Judges must handle kids' threats smartly
As a parent of a teacher in the Westbury school district and a longtime resident of Westbury, I am outraged that a judge would not only release a student who made a serious threat to our high school but did so with no bail [“Arrest in Westbury threat,” News, June 2].
Not releasing the individual would prevent him from buying firearms, and he would have to cooperate in a psychological evaluation. Released on bail, he should be electronically monitored but stopped from attending school until he was evaluated and recommended to attend.
The judge believes this student should be returned to a school even though he just made threats to shoot one up? Really? Does the judge not realize this person can obtain a gun illegally? Does the judge believe the student will make himself available for evaluation? I find the judge's orders absurd. Many people speak about mental health as a concern along with gun control, and I agree. How about judges also taking responsibility and harshly penalizing those who attempt -- and in many cases succeed -- in hurting or murdering our children and teachers.
Paul A. Giordano, Westbury
DWI solutions aren't easy to come by
A reader offered simplistic solutions to end the scourge of DWI incidents “If convicted of DWI, lose license forever,” Letters, June 2]. As a former drivers education teacher for more than 30 years, I have discussed this issue many times in class.
Taking away drivers’ licenses from those who already do not follow the law doesn’t work. They drive anyway. How would we stop them? We read about many unlicensed drivers being apprehended, and those are only the ones who get caught. Ask any police officer.
Lifetime revocation, if it worked, would also bring undue financial hardship to the offender’s family as collateral damage. Maintaining a job to support one’s family would likely become problematic.
Taking cars away usually doesn’t work. Many drive other cars, sometimes ones that don’t even belong to them.
Jail? They’re pretty full and pretty expensive. Do they successfully rehabilitate these offenders?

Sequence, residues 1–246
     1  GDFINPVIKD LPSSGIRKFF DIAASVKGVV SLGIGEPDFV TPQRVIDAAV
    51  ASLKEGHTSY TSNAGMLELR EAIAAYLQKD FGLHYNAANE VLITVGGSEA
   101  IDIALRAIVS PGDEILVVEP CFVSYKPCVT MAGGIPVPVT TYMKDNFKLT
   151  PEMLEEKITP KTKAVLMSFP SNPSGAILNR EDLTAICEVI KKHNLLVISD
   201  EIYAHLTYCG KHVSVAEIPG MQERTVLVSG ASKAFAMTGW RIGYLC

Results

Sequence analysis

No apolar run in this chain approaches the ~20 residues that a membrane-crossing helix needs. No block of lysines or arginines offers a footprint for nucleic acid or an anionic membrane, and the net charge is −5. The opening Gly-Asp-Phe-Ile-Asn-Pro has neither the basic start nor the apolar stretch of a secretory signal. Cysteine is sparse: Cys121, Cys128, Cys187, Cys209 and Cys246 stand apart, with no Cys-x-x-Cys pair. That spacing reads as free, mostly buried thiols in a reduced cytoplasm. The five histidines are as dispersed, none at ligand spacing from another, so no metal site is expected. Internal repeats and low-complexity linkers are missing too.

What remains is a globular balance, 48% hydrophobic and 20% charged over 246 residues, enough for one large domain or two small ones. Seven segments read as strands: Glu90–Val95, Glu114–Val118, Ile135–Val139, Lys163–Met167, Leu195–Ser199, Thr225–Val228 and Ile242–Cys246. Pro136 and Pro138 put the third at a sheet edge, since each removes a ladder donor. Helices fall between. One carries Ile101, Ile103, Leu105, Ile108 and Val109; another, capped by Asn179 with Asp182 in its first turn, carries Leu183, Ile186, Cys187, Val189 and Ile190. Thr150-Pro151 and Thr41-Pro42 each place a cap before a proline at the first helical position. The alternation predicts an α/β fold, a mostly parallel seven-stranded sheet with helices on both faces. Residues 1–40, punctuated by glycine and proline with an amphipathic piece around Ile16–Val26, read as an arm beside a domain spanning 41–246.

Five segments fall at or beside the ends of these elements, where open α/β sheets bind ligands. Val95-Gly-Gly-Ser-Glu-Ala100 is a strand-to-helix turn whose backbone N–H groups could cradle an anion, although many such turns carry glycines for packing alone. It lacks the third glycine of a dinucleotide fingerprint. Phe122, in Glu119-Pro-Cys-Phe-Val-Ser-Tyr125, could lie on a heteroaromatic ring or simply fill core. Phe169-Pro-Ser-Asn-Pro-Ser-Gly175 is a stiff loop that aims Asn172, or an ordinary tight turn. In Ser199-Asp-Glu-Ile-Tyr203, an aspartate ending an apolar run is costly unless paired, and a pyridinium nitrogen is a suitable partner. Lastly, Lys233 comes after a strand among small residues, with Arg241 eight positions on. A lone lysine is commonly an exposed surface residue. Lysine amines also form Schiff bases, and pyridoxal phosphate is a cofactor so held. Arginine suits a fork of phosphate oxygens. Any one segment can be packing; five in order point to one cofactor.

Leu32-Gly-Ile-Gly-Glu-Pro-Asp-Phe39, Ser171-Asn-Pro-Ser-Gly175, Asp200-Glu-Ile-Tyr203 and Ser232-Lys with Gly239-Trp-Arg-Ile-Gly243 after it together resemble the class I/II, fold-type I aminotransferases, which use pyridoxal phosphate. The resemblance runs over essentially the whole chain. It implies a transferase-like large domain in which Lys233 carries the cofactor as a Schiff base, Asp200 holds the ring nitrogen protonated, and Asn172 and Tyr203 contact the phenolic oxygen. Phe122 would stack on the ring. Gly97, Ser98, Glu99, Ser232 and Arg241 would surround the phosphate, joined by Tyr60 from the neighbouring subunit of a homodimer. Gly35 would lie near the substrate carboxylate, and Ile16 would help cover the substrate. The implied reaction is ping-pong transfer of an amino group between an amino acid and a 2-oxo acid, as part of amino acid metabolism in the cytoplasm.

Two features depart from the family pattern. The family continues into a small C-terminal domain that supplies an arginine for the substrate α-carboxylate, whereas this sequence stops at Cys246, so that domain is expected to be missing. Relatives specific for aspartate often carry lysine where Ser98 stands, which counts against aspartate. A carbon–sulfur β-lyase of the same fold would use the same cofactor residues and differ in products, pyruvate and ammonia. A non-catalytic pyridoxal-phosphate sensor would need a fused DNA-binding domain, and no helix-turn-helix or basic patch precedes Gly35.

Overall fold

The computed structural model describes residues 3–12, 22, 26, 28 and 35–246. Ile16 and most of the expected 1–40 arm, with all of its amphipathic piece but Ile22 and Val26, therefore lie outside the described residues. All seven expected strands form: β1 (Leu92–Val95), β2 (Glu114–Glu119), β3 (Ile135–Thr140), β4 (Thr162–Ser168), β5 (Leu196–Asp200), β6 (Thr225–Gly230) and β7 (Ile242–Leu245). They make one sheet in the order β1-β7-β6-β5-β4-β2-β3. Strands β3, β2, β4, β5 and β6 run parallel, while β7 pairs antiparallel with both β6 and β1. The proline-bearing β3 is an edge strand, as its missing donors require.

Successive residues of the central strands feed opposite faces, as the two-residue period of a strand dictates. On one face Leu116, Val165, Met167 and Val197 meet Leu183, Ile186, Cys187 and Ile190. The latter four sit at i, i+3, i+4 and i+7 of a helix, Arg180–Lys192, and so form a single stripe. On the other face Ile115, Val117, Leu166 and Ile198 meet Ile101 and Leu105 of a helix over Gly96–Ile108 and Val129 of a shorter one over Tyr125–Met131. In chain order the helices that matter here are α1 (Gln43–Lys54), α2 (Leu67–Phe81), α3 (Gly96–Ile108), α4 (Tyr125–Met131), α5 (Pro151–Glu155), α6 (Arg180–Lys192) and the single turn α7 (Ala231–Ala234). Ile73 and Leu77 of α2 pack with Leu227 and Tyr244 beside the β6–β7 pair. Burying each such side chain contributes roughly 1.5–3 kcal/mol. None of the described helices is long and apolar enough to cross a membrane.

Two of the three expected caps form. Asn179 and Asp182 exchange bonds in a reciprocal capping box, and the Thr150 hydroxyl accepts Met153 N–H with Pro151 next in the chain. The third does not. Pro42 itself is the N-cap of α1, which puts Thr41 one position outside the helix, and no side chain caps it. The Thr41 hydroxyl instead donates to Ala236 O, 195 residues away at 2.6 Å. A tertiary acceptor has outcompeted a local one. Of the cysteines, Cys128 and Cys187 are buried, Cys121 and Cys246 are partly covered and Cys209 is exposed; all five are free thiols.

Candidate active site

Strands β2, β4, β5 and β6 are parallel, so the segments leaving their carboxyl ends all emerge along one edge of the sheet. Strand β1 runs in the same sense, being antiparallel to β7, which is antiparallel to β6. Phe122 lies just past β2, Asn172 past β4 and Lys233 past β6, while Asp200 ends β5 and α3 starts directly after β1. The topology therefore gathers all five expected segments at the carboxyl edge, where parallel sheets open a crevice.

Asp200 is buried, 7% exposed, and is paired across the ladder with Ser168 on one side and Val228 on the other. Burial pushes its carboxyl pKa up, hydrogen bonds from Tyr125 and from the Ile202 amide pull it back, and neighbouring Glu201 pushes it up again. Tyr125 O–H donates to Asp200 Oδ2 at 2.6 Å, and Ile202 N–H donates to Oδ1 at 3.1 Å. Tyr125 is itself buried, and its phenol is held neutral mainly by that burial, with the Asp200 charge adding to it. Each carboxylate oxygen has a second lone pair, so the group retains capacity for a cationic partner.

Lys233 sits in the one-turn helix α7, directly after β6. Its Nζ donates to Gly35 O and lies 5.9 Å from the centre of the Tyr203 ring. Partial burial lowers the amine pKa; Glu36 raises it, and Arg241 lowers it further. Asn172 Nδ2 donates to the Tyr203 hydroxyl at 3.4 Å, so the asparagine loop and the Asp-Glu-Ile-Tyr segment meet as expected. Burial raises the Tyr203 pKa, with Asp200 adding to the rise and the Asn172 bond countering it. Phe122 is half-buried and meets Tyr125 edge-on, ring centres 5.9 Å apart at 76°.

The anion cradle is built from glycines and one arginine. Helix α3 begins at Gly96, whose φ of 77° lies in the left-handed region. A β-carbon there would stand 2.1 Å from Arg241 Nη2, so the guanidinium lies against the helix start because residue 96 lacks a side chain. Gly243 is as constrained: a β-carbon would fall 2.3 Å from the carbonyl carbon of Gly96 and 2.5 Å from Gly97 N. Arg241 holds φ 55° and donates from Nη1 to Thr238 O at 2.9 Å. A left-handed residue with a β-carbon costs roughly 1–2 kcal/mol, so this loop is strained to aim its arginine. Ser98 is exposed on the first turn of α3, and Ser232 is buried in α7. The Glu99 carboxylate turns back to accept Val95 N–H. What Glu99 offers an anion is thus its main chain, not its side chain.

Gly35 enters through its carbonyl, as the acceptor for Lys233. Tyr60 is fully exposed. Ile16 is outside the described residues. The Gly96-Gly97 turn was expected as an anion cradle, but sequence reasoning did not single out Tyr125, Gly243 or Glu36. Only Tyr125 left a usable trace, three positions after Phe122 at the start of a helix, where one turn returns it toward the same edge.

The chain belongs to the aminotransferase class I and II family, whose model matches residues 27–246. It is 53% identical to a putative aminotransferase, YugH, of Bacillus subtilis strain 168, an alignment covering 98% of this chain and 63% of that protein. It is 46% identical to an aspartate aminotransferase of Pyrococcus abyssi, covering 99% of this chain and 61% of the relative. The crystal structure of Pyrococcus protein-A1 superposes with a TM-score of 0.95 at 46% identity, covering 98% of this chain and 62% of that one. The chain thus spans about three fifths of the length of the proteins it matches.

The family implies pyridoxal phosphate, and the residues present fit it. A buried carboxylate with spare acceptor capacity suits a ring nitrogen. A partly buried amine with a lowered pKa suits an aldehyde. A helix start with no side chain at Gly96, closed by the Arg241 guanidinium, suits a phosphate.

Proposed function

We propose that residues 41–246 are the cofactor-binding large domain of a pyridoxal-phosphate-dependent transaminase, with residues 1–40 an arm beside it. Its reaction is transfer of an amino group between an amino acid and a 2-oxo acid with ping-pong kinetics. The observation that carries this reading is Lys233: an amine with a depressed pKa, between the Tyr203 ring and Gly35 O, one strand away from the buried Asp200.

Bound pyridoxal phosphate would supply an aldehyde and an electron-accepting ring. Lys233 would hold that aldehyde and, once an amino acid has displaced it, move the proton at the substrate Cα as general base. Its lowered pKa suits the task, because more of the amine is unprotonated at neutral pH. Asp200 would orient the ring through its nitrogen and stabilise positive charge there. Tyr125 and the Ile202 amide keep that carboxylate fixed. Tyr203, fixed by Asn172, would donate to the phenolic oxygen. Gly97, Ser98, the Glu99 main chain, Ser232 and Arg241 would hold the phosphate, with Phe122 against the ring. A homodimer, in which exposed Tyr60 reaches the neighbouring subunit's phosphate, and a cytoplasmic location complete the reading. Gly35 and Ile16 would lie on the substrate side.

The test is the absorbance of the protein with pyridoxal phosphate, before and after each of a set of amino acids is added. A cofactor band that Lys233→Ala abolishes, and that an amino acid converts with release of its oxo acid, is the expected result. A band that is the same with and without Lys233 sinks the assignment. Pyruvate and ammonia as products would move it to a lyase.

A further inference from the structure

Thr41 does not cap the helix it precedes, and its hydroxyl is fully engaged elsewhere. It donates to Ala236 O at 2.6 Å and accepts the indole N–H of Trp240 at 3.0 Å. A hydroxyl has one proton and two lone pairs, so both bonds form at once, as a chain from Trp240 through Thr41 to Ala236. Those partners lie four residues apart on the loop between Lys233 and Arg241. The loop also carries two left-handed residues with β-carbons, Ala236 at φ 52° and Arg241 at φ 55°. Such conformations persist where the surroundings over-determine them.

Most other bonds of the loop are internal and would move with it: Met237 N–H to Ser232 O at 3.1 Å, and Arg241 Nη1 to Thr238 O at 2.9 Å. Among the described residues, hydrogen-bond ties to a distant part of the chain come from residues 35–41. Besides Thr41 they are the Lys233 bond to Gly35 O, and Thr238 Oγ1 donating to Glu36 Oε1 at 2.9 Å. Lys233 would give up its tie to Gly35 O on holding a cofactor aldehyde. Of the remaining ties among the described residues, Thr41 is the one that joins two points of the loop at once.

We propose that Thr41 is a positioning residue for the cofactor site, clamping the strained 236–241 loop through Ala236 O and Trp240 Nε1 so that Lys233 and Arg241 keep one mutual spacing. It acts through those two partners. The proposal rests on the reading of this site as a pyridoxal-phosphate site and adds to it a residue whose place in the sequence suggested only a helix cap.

I know the problem but not the answer. I just know that what we’re doing now isn’t working very well.
Paul Pepe, Massapequa
Debt? Ask colleges to give students refunds
If President Joe Biden wants to forgive student debt, he should have these overfunded and rich colleges give students a refund for selling them degrees many will be unable to use to get a job ["Alternatives for student debt," Letters, May 31]. Why should the taxpayer underwrite these students while colleges continue to profit on our dime? Take the problem back to its root.
Frank Grunseich, Deer Park
For democracy, voting not a big sacrifice
Ukrainians are fighting and losing their lives to keep their democracy [“West to send Ukraine more, better weapons,” News, June 2]. With our democracy at stake, all we have to do is go to the polls and vote for candidates who support democracy. It's not much of a sacrifice.
Gail Blair, Ridge
Three billionaires spend $55 million each to joyride in space to the International Space Station while women and children are getting slaughtered in Ukraine. How do these individuals look at themselves in the mirror? Why not pool their collective space funds and build a hospital, or a school in a needy area, or maybe pay to drill new water wells for people with no access to clean water. The ego of people who post pictures on social media of their “Trip to the Stars“ while people are barely recovering from the economic loss from the COVID-19 pandemic is disturbing.
James Fitzpatrick, Kings Park
Rosy picture of unity is only a pipe dream
Steve Israel displayed an unrealistic assessment that the recent redistricting will promote centrist thinking ["Bad for Democrats, good for the country," Opinion, May 27]. Since President Joe Biden's election, the goings-on in Washington, a town that Israel has intimate knowledge of, are more than enough to belie such thoughts. We are a seriously divided country along many lines and, unfortunately, these divisions are growing wider every day.
Richard M. Frauenglass, Huntington
Shift from fossil fuels to wind is a win
The main takeaway from "Taking offshore wind power to the grid" [Opinion, May 23] is hurray! Finally, we’re assuming, not debating, wind power. How best to harness it, not whether we’re going to avail ourselves of its enormous power to shift us from dangerous fossil fuels. This fresh breath of air is the best climate news out there.
Rebecca Marks, Merrick
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